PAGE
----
Rae Tutera joined forces with tailor Daniel Friedman, initially as an apprentice, to eventually form the Brooklyn tailoring company Bindle & Keep, specializing in custom-made suits for clients who live outside the gender binary. “For a lot of people with all kinds of bodies and all kinds of identities, clothes can make or break every day of their lives,” Rae says. “Everyone has a right to feel good and be themselves. You have the right to be handsome.”
Director Jason Benjamin’s Suited, produced by Lena Dunham, follows the clothier duo and their clients from initial consultation to final fitting. Among those sharing their unique and intimate stories are a trans bar mitzvah boy, a NYC cab driver, a law student and a transgender man preparing for his wedding. When they finally see themselves in the mirror, the expressions on their faces reveal a truly transformative, empowering moment.
Kiki revisits the world of New York’s voguing balls, explored 25 years ago in Jenni Livingston’s seminal film Paris Is Burning. The Kiki scene is a youth-focused subset of the larger vogueing scene, with strong activist and social service components.
In this film collaboration between Kiki gatekeeper Twiggy Pucci Garçon and Swedish filmmaker Sara Jordenö, viewers are granted exclusive access into this high-stakes world, where fierce ballroom competitions serve as a gateway into conversations surrounding the Black Lives Matter and Trans Lives Matter movements.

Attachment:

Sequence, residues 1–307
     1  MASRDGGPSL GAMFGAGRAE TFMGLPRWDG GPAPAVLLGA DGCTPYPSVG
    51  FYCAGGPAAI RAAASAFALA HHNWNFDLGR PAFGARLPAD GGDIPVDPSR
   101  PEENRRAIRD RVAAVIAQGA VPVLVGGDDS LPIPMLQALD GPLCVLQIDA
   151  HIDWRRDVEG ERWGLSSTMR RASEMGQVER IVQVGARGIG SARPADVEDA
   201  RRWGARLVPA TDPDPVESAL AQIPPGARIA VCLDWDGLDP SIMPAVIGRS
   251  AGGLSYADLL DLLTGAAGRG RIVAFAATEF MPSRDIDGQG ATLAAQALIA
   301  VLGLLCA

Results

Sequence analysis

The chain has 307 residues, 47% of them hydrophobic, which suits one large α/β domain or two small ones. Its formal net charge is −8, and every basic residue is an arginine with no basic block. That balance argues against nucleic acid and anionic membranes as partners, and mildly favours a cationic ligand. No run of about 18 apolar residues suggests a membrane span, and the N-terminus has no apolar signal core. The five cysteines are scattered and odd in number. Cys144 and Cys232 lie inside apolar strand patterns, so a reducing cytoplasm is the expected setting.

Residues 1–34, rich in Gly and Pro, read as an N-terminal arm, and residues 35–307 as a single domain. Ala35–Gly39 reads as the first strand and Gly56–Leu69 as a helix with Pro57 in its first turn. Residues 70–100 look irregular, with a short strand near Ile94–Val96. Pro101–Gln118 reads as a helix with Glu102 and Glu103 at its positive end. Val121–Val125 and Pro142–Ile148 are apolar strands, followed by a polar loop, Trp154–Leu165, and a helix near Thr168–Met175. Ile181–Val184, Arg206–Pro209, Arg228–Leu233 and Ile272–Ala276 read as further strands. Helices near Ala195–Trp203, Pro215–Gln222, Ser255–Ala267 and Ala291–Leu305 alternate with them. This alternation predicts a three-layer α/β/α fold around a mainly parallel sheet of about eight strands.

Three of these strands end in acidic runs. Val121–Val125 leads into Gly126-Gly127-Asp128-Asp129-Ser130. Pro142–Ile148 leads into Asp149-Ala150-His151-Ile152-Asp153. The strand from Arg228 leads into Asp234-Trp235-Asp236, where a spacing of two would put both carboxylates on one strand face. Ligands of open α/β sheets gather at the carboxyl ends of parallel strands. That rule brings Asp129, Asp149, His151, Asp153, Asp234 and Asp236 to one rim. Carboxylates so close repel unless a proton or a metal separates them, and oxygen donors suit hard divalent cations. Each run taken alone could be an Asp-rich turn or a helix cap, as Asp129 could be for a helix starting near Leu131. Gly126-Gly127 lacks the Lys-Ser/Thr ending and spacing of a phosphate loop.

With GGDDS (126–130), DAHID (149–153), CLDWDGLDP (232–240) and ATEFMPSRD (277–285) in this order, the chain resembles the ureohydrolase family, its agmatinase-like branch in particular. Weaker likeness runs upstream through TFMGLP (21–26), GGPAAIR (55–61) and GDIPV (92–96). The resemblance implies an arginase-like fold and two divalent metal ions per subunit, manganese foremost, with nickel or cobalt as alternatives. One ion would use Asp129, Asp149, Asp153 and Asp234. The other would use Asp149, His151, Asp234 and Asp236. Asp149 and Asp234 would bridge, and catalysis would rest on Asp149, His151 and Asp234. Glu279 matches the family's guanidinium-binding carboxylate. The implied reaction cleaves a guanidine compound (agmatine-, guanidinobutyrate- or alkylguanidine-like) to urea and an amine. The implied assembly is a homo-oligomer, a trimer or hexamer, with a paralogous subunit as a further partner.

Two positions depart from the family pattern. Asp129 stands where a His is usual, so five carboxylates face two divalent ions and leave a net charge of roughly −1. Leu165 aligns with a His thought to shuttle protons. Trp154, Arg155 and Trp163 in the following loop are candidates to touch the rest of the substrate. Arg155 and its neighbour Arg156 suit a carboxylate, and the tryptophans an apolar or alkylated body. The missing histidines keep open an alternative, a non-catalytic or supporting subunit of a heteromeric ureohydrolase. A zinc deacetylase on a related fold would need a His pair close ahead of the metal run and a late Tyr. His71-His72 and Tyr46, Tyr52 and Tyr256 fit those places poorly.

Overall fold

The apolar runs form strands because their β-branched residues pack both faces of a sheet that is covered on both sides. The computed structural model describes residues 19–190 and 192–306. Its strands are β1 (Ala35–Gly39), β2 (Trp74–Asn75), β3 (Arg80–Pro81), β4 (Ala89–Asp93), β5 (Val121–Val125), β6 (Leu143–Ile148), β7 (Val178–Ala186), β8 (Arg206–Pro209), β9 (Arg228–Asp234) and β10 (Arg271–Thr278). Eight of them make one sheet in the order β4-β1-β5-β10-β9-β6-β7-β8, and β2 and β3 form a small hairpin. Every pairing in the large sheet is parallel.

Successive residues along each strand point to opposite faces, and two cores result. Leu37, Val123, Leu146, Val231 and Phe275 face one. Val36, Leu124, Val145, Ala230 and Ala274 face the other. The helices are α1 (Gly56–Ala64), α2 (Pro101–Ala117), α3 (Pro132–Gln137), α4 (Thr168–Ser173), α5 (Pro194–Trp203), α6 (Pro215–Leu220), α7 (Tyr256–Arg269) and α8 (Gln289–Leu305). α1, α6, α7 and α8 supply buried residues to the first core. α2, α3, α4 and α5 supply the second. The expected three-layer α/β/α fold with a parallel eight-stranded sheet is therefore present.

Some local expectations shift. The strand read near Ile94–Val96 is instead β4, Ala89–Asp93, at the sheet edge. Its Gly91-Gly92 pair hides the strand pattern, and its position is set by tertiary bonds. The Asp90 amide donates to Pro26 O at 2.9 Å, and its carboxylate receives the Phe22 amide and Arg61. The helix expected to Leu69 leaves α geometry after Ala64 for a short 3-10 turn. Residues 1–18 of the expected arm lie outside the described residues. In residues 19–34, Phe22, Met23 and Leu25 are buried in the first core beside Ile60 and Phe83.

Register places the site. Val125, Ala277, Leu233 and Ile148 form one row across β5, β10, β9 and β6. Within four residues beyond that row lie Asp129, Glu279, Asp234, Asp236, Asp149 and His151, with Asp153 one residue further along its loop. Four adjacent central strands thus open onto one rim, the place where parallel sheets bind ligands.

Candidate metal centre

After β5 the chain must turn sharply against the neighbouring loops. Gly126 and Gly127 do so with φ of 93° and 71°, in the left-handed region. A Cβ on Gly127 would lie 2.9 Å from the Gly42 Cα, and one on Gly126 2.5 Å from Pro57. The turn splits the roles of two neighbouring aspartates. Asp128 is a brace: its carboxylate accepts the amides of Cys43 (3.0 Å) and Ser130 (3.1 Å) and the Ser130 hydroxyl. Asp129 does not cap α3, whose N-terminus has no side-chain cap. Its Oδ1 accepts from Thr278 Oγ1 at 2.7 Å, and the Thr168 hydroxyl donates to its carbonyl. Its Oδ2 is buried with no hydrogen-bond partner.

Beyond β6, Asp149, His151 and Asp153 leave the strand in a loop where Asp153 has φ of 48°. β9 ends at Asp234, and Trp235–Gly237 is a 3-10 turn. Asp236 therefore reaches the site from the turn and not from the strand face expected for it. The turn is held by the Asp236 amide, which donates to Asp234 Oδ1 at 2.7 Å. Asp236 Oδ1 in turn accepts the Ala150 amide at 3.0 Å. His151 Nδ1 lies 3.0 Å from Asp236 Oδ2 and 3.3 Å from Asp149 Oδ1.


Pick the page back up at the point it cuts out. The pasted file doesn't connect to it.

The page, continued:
This new generation of ballroom youth use the motto, “Not About Us Without Us,” and Kiki in kind has been made with extensive support and trust from the community, including an exhilarating score by renowned ballroom and voguing producer collective Qween Beat. Twiggy and Sara’s insider-outsider approach to their stories breathes fresh life into the representation of a marginalized community who demand visibility and real political power.
QDoc co-founder and filmmaker David Weissman (We Were Here, The Cockettes) presents a project-in-progress screening of his new doc series, Conversations with Gay Elders. Weissman initiated this project to capture the experiences of gay men of the pre-Stonewall generation, in collaboration with younger-generation gay men as editors. In a departure from his previous work, Weissman’s focus here is on creating multiple in-depth individual character studies rather than a single feature film, and to create a large, rich repository of these histories for future generations who won’t have direct access to the men who lived them.
Unlike most minority groups, gay men (as with others in the LGBT spectrum) can’t readily learn our culture and history from our pr imarily nongay parents. Additionally, for a number of complex reasons, communication between generations of gay men is often difficult; Conversations with Gay Elders is an attempt to bridge some of those gaps.
This program will feature two of the “conversations” shot thus far. These interviews feature San Franciscan Robert Dockendorff (76), who grew up in rural Idaho, and New Yorker Daniel Maloney (77), raised in Darby, Pennsylvania. Editors Alex Bohs (25), who is editing the Dockendorff piece and Jake Stein (25) who is editing the Maloney piece, will engage in postscreening conversation with Weissman.